*Trigger Warning: Mention of Domestic Abuse*
Family is supposedly the beacon of light in the dark and grim days of their children. But unfortunately for some, their near and dear ones prove to be the devil in disguise.
Factitious Disorder Imposed on Another (FDIA), formerly Munchausen Syndrome by Proxy (MSBP), is a mental illness in which the perpetrators gain attention by making up or causing an illness or injury in a person under their care, such as a child, an elderly adult or a person who cannot attract attention. It is a voluntary psychological disorder.
FDIA is a form of child abuse or elder abuse as the victims subjected to are vulnerable and do not have the necessities to tend for themselves. Such a case emerged in Colorado, U.S.A. in October 2017 when the bucket list of a terminally ill Olivia Gant went viral. When Olivia Gant’s mother, Kelly Renee Turner, was put on trial for filicide, she claimed her daughter suffered from a myriad of diseases. But the death certificate said otherwise.
In light of deeper investigation, it was found that Turner suffered from FDIA and had indeed murdered not one but both her daughters. She abused them, took them to the hospital, and once they were better, the same cycle was repeated.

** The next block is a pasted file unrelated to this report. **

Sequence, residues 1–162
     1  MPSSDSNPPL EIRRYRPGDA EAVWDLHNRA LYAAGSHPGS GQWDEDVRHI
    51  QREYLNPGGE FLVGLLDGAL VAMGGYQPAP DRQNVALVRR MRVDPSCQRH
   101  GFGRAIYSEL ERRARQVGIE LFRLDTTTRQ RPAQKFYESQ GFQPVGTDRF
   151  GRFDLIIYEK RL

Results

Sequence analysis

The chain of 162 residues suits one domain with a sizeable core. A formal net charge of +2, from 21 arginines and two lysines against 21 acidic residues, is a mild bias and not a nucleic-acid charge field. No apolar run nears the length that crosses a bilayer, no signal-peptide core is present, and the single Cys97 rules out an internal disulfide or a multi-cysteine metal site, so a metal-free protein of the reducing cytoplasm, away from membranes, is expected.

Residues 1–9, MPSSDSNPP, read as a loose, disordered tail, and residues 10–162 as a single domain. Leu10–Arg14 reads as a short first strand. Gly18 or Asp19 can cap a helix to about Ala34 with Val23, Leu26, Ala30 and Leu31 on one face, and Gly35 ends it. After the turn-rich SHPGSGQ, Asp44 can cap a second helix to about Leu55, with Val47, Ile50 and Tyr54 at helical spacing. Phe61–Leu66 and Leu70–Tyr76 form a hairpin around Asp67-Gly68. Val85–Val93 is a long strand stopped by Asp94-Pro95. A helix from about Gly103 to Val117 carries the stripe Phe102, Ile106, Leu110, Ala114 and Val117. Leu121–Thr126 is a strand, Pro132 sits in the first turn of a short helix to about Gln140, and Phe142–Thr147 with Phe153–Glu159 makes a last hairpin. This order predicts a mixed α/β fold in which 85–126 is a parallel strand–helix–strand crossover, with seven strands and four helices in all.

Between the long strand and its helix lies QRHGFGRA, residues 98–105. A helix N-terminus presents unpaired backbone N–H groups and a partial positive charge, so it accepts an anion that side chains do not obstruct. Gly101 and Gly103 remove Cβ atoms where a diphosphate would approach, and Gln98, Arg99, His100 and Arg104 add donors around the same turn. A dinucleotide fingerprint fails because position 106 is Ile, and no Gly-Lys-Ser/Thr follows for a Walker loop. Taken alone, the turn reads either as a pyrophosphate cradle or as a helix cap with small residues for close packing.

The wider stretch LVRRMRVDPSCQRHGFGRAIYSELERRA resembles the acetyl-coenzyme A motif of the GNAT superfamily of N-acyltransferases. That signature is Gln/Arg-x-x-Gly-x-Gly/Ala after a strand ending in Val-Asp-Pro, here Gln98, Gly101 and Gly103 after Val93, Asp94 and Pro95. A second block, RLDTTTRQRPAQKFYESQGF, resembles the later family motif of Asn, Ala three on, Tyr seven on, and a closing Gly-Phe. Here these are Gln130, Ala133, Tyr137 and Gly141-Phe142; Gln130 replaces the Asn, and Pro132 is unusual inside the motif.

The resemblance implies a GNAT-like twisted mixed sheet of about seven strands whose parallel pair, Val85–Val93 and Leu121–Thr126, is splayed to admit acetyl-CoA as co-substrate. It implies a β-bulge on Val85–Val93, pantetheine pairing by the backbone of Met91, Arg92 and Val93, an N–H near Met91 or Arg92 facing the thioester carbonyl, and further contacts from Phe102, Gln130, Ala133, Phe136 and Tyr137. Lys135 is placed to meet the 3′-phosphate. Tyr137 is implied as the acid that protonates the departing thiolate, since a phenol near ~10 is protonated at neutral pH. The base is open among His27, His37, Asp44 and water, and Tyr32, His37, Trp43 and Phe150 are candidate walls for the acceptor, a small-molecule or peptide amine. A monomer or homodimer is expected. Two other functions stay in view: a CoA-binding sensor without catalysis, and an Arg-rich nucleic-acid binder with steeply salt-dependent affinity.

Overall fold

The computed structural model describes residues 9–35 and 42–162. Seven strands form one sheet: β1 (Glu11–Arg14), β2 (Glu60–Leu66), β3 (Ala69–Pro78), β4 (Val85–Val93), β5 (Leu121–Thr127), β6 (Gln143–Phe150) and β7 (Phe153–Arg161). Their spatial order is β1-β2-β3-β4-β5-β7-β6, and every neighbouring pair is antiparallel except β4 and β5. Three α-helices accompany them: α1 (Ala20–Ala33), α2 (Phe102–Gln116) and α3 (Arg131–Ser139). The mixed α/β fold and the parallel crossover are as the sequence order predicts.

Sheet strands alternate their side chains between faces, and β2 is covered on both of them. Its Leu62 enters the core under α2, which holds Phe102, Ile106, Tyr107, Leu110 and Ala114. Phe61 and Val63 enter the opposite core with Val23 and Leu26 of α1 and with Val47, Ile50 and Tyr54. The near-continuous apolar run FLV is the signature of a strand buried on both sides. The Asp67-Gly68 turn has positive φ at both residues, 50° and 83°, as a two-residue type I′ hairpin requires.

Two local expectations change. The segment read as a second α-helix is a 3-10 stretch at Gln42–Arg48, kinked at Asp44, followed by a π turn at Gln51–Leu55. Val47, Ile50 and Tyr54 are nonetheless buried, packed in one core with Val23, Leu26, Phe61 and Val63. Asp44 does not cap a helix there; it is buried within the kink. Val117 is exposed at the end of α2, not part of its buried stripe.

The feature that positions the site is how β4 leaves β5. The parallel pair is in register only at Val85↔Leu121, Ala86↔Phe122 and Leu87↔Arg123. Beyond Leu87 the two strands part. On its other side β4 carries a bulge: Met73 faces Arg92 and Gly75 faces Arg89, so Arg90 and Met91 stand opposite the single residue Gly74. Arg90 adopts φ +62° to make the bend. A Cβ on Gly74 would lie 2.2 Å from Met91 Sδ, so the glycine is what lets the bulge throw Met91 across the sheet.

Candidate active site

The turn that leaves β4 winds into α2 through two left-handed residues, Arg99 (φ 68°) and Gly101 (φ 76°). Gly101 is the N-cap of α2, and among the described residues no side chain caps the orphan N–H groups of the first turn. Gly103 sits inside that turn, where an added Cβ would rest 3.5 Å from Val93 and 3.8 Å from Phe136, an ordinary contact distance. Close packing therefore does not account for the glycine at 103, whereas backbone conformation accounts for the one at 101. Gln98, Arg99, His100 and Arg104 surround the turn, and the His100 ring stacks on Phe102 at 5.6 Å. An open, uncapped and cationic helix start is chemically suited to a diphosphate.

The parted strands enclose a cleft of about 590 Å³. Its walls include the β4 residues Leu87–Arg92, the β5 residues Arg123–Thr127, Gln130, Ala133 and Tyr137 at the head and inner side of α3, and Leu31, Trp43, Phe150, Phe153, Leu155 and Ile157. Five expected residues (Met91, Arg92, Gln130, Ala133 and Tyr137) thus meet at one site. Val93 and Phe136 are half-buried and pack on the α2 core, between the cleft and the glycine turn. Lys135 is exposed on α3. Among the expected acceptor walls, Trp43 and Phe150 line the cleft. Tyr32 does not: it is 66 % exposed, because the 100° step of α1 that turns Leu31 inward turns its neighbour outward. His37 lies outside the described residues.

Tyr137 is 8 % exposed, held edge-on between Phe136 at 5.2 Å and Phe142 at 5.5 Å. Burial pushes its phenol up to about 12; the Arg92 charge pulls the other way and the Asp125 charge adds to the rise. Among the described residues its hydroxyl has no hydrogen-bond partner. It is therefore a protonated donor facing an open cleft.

No particular reason has come to light to date, but according to doctors, it may be linked to problems during the abuser’s childhood. These problems might involve ignorance and a toxic domestic household. Abusers often feel like their life is out of control and are often subjected to low self-esteem, inadequacy, stress and anxiety.
The attention that caregivers get from having a sick child or an elder may encourage their behaviour. They may get attention not only from doctors and nurses but also from others in their community. For example, neighbours may try to help the family in many ways, such as doing chores, bringing meals or giving money.
The treatment for FDIA involves child protective services, doctors and law enforcement. Caregivers who have this condition require long-term counselling. They may resist treatment or deny that there is a problem. Medicines are used only when the caregiver has another health problem, such as anxiety disorder along with FDIA.
Even after treatment, caregivers are prone to repetitive behaviour. Hence, doctors, counsellors and family members must closely watch how the caregiver interacts with their children or elders.
For victims, the first step is to protect them is by moving them into safe custody. Then a doctor will monitor the victim for symptoms. Most of the time, the victim’s symptoms stop when they are away from the caregiver. However, some victims need counselling or other help.
Written by Rishita Sengupta